Before China came under the sway of Communist rule, many of the impoverished people of the country's southwestern Guizhou province opted to live in caves rather than face the frequent assaults by the region's criminal element. The cave complexes in Guizhou are massive, and until recently, were unknown to those who hailed from outside of the province. Its connection to the outside world is a small one. In order to enter Guizhou, visitors to the region need to navigate a narrow mountain footpath. The difficulties that getting to Guizhou poses has gifted its people with a rare commodity in our increasingly connected world: seclusion.

But of late, the region's cave dwellers have become less cloistered. Tourists eager to see cave dwellers' way of life have been making the trek to Guizhou. This is good news for Guizhou's cave dwellers: The tourists have proven happy to pay for the privilege of renting space in the caves. It's also bad news: the Chinese government has noted that some of its citizens are hiding out in caves. Because of the optics this presents, they've been encouraging the cave dwellers to move onto farm properties, complete with modest houses and a relocation payment – let's call it a bribe – of $9,500. Five of the cave dwelling families were totally into the deal. The other 18? Not so much.

From The Globe & Mail:

The remaining 18 families have held on stubbornly to their homes inside the cave. They say that the new homes are too small, that they fear losing access to their land, and that they alone, because of their historical connection to the cave, should have the right to independently control its small tourism economy.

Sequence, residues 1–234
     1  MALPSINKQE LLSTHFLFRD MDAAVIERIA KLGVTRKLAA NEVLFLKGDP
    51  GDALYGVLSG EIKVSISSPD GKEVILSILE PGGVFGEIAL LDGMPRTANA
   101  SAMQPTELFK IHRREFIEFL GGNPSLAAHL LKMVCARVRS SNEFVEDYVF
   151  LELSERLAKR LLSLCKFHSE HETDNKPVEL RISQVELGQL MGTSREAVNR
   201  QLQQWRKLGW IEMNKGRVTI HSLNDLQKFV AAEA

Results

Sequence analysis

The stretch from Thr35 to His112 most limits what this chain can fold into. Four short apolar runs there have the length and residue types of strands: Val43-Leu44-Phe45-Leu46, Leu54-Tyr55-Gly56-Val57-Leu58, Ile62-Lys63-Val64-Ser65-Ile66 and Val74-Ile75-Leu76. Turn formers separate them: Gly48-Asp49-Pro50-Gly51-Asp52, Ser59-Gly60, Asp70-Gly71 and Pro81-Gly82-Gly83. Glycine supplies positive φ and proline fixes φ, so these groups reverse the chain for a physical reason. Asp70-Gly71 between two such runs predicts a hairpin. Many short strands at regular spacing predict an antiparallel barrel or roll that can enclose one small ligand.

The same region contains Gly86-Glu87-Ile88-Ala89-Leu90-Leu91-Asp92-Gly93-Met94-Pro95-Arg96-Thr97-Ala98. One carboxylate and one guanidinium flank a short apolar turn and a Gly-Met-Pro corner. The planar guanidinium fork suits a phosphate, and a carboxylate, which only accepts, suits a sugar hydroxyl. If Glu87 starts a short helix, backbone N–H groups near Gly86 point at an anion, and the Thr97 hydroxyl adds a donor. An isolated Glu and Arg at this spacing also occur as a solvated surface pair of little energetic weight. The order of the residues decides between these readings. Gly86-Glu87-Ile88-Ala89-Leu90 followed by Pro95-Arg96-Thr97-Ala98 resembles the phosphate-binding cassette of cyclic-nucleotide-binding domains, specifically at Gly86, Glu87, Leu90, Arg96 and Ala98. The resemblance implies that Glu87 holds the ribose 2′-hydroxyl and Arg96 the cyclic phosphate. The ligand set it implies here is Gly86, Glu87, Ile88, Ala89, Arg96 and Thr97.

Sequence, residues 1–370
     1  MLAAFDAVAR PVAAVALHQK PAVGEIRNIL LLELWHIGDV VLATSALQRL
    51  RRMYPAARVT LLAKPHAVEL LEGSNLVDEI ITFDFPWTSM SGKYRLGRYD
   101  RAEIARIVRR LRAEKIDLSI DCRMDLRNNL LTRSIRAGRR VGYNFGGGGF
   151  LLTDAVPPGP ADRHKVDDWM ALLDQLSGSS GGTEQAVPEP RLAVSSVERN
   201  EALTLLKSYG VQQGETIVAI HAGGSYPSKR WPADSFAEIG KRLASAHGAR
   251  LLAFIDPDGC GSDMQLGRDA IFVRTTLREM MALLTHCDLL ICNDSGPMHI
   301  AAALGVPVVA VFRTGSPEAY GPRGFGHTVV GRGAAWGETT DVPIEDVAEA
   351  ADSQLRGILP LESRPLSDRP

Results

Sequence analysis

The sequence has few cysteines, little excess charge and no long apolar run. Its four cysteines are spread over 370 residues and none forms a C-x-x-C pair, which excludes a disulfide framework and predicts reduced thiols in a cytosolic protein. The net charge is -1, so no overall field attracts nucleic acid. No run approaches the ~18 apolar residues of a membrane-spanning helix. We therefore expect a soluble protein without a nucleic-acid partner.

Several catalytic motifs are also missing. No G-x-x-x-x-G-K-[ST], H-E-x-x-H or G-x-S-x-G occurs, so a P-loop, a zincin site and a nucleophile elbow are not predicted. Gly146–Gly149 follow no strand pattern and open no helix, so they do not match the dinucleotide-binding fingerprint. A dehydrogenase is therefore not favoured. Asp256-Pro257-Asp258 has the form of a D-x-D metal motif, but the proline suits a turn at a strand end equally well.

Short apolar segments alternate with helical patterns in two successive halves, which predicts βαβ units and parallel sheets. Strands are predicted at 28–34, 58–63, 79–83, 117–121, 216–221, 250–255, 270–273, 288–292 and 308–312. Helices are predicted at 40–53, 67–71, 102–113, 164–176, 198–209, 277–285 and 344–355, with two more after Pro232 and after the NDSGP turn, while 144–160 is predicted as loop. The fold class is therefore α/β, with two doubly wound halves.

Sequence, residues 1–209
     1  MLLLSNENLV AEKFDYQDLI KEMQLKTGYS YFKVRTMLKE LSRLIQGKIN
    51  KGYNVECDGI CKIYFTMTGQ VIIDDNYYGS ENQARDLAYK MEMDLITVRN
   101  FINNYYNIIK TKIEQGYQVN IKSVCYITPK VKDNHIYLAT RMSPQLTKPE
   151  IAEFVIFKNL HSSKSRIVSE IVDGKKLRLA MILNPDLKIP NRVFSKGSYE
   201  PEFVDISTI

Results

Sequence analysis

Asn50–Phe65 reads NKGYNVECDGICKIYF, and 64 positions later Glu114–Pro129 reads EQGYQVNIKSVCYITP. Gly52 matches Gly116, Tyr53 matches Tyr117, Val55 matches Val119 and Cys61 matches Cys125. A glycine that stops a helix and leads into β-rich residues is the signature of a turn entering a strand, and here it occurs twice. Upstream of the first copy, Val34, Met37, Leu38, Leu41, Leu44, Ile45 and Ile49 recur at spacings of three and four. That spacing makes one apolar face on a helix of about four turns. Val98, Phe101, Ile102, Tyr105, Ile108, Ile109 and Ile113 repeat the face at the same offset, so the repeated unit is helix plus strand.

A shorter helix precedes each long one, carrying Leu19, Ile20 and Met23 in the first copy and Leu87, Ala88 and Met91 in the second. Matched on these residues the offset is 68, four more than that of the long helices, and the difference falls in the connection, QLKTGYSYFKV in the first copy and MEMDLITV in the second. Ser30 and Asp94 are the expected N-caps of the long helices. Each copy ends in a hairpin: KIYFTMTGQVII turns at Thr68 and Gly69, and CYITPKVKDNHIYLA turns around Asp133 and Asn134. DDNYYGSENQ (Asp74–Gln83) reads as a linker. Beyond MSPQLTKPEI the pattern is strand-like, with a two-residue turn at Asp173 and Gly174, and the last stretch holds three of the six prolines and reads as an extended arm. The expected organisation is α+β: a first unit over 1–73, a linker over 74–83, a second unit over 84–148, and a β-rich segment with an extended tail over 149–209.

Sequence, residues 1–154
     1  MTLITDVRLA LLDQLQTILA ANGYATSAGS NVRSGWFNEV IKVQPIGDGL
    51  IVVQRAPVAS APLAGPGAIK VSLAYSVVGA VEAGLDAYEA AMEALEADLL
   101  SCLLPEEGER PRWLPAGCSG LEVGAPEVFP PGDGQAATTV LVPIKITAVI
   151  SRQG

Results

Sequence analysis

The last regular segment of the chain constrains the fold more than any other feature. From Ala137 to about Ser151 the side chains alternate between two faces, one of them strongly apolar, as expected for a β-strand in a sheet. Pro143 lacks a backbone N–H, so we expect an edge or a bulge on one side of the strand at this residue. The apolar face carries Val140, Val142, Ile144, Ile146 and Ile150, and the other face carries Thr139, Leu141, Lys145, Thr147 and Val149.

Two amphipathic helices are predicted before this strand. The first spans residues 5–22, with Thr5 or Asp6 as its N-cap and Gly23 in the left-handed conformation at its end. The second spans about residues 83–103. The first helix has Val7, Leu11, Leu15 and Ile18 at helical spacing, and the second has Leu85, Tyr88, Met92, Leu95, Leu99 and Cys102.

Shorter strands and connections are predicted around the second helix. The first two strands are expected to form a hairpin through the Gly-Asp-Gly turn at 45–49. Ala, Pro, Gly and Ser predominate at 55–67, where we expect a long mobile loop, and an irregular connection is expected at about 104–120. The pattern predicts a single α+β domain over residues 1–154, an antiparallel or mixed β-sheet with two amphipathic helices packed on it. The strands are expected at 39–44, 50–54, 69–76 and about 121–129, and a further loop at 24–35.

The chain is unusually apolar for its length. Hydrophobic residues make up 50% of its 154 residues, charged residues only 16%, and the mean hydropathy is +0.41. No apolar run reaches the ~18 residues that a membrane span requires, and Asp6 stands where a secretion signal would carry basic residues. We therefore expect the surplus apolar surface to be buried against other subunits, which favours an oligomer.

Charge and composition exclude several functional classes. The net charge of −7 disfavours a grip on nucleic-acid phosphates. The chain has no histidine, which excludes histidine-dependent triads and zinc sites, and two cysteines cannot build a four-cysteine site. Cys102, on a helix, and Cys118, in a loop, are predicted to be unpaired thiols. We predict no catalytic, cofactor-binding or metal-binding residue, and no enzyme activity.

Read the rest

Neurobollocks with Chinese characteristics: Chinese employers use "brain wave sensors" to tune workforces

Giant Chinese companies are outfitting millions of employees -- everyone from factory workers to military personnel to pilots and train drivers -- with special uniform hats containing an unspecified neurological sensor package claimed to be capable of detecting "depression, anxiety or rage" as well as "fatigue and attention loss with an accuracy of more than 90 per cent"; the practice is largely unregulated. Read the rest

With these smartphone 'swinging cradles,' people are cheating to get to 10K steps

Apparently in China people can get discounts on their health insurance (and avoid punishment) if their phone hits 10K steps a day. That's nearly five miles of exercise they're expected to get every day.

Well, if there's a way to cheat something, someone will figure it out. And someone did.

Canadian-born Mark Rowswell, aka Chinese comedian Dashan, tweeted that a restaurant in China is offering a "swinging cradle" for its patrons to hit their daily steps quota while dining, drinking, and smoking.

I dug around a bit. It seems these clever devices (called "摇步器") have been around since at least 2016, as evidenced by this video:

Previously: Is China's social credit system becoming a Black Mirror episode?

(Super Punch) Read the rest

The predictable dystopian trajectory of China's Citizen Scores

China's Citizen Score system combines surveillance of your social media and social graph with your credit report, your purchase history and state spy agencies and police files on you to produce a "trustworthiness" score -- people who score low are denied access to high-speed travel, financial products, and other services like private school for their kids. Read the rest

China escalates the war on jaywalkers with automated shouting laser/squirtguns tied to motion-sensors

Chinese authorities hate jaywalkers and they've decided to use technology to end the practice; in Shenzhen, jaywalkers are identified with facial recognition and sent threatening texts while their faces are displayed on oversized nearby LED screens; in Daye, Hubei province, shouting robotic squirt-guns target and soak anyone who attempts to walk into an intersection against the lights. Read the rest